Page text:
The Truth About The Atlantic City Serial Killer

The New York Tristate area has seen its fair share of serial killers. One of the biggest unsolved cases in the region relates to the Long Island serial killer. The ongoing case still has no solid leads after a decade since the first bodies turned up on Long Island beaches. But about 100 miles away, near the New Jersey coastline attraction of Atlantic City, is another unsolved case for which a suspected serial killer may be responsible.

The Atlantic City serial killer (sometimes referred to as the Eastbound Strangler) stunned the seaside city in 2006 when four bodies were all found at once. All the victims were women and discovered in close proximity to another in a ditch, which was located behind a motel. So how do these two cases that happened in two different states relate? A new film attempts to make a connection between them, according to Daily Mail. But are they?

As we know it, despite some similarities in the killer's modus operandi and their choice in victims, no connection was ever made prior. In fact, the investigators in both cases have not linked these unsolved deaths, confirmed a Suffolk County police investigator to Oxygen.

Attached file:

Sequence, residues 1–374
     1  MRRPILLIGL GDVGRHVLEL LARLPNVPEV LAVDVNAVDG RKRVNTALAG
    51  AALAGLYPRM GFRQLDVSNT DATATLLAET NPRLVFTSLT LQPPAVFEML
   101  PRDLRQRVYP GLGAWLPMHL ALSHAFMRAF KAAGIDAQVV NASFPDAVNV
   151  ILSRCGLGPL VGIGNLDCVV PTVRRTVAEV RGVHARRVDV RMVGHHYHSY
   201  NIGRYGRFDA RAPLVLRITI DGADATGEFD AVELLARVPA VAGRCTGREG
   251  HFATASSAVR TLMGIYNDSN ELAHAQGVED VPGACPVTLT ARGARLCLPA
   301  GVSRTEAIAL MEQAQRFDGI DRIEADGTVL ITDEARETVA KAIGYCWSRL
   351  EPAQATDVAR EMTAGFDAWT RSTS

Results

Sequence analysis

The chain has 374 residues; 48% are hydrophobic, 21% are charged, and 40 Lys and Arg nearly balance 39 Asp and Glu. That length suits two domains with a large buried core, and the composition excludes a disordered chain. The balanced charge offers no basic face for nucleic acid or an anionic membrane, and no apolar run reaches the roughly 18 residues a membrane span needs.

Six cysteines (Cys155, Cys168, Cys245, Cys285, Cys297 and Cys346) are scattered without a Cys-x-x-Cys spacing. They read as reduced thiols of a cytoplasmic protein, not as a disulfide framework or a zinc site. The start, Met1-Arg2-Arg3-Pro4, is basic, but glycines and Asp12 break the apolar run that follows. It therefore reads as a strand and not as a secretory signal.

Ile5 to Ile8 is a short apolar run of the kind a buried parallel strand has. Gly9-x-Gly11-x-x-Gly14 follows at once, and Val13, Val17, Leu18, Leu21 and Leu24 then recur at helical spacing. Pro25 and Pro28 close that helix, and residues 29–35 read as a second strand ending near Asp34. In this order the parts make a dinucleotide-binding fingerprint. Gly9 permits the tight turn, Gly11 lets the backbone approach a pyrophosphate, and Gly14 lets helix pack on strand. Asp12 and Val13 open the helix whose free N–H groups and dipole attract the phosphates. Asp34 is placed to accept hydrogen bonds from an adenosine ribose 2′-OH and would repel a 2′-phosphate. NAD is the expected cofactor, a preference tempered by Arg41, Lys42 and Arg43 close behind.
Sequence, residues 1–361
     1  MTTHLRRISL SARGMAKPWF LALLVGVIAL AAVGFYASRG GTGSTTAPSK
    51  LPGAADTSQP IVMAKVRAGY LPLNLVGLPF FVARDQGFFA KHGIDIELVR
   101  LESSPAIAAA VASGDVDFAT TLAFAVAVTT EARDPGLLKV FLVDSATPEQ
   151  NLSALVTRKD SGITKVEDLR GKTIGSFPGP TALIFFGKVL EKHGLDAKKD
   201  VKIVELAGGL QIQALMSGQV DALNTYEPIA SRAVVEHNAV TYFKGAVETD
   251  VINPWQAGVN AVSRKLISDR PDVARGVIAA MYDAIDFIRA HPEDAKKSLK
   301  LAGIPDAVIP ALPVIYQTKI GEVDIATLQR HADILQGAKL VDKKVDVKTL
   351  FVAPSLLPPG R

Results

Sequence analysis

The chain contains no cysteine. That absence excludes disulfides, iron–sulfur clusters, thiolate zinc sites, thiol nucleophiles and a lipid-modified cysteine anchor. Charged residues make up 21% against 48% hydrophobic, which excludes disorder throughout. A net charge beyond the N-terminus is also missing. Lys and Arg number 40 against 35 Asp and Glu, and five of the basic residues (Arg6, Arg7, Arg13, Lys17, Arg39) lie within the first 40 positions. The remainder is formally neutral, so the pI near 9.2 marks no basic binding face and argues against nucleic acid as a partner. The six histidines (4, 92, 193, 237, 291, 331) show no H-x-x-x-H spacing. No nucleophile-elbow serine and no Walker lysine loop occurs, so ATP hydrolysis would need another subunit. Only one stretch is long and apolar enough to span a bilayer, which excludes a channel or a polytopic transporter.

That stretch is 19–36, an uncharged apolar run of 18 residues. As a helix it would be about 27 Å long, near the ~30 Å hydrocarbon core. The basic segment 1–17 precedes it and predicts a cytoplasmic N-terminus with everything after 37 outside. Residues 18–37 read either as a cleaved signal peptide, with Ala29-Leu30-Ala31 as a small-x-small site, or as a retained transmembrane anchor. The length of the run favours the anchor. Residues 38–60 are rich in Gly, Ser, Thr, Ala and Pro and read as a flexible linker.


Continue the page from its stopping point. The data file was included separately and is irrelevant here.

"We continue to communicate with law enforcement agencies, including Atlantic City Police Department, regarding the Gilgo Beach homicide investigation. At this time, there is no link between our case and the Atlantic City case," said the police spokesperson.

A killer in Atlantic City

On the morning of November 20, 2006, just a few miles away from the Atlantic City skyline and its famed boardwalk, a shocking discovery was made behind the Golden Key Motel located in West Atlantic City. Two women walking near the area caught sight of a body in a ditch and called police. The body was identified as 35-year-old Kim Raffo. As investigators closed off the scene to canvass the area for clues, they made more tragic discoveries. The bodies of three other women would turn up by the end of the day: 42-year-old Barbara Breidor, 20-year-old Molly Dilts, and 23-year-old Tracy Ann Roberts. All women were assumed to be sex workers; all had been killed by strangulation.

Almost 15 years since the four victims were found, no arrests have been made. No new clues have led to solid information in Long Island, either.

Even though some might compare the killers in Atlantic City and Long Island, there's a standout difference in how the Atlantic City serial killer left their victims. The victims of were all found behind the motel, strangled, and their bodies were positioned eastward. Police found them all barefoot, and a few hundred feet from each other, reports This helped investigators find all victims that same day. In the Long Island serial killer case, strangulation as the cause of death was determined for just a few victims, and the discovery wasn't made until 2010 — four years after the Atlantic City case.